A major problem facing schools is lack of curricular differentiation and academic challenge for the most academically able students. Also, contemporary textbooks have been "dumbed down." Curriculum compacting is a flexible, research-based technique enabling high-ability students to skip work they already know and substitute more challenging content. A recent study and program development advice are included.

Renzulli, J. S., & Purcell, J. H. (Feb-Mar 1996). Gifted education: A look around and a look ahead. Roeper Review, 18(3), 173-78. EJ521545.
This article argues that the field of gifted and talented education is entering a period of intense change in ability identification, programs, teachers, classrom practices, funding, and terminology. Three questions are posed: "What changes within the field herald a reconceptualization?"; "How does the current transformation differ from previous changes?"; and "What are the next steps for practitioners?"

Renzulli, J. S., & Reis, S. M. (1991). The reform movement and the quiet crisis in gifted education. Gifted Child Quarterly, 35(1), 26-35. EJ427058.
Gifted education faces a quiet crisis as reform movements focus on cosmetic administrative changes in school organization and management rather than interaction among teachers, students, and the material to be learned. Two goals of American education are presented: providing the best possible education to promising students and improving the education of at-risk students.

Rogers, K. B. (2001). Re-Forming Gifted Education: Matching the Program to the Child. AZ: Great Potential Press, Inc., Tel: 602-954-4200; http://www.giftedbooks.com.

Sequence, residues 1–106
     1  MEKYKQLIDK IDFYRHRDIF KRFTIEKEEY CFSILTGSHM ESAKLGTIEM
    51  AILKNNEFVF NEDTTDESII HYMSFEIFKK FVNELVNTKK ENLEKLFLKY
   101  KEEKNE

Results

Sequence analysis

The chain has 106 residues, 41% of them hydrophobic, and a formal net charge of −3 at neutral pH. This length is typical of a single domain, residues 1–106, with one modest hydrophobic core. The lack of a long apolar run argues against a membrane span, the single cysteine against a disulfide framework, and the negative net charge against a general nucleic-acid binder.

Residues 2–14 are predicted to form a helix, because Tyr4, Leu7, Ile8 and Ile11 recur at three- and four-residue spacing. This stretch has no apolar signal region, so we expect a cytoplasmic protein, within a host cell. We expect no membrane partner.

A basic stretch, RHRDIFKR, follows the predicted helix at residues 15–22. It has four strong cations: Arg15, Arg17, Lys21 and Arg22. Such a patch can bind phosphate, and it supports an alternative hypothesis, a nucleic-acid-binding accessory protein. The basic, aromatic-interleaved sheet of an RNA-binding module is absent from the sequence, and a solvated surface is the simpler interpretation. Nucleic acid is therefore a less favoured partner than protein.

This guidebook is designed to assist schools in providing appropriate education experiences for all gifted and talented children, regardless of the child's talent area, age, ethnic origin, or economic level. Chapters address: (1) the development of an educational plan, what is reasonable to ask schools to do, and what kind of teacher is best for a gifted child; (2) characteristics of different gifted children, the five domains of giftedness and talent, and determining whether a child's strength is a gift or a talent; (3) evaluation of five key areas to aid in developing an effective educational plan; (4) determining the type of education a gifted child should receive, curriculum modifications, and guidelines for assessing modifications; (5) subject-based acceleration; (6) grade-based acceleration; (7) grouping within the school, whole-class strategies, small group strategies, and a possible set of steps for a teacher; (8) additional program provision in schools, such as in-school enrichment options for gifted children, projects and self-direction, tutoring, and content and curriculum modification provisions; (9) out-of-school provisions for gifted children; and (10) developing a child's plan and guidelines for school and parent cooperation.

Ross, P. (Fall 1991). Advocacy for gifted programs in the new educational climate. Gifted Child Quarterly, 35(4), 173-76. EJ439630.
This article urges educators of the gifted and talented to become knowledgeable abut educational reform efforts at the local, state, and national levels. Specific initiatives pertinent to gifted education include ungraded primary schools; performance-based assessment of student progress; use of student portfolios; and rigorous, revamped curricula.

Schack, G. D. (1996). All aboard or standing on the shore? Gifted educators and the educational reform movement. Roeper Review, 18(3), 190-97. EJ521548.
This article discusses ways practitioners can assure that gifted students' needs are met within the context of educational reform, including ensuring that general education reform efforts have positive outcomes for gifted students, sharing the experiences and strategies of gifted education with reformers, and considering new roles and relationships between gifted and general educators.

Stevens, M. (Mar 1992). School reform and restructuring: Relationship to gifted education. In: Challenges in gifted education: Developing potential and investing in knowledge for the 21st century. Columbus: Ohio State Dept. of Education. ERIC Document Reproduction Service (EDRS), ED344408.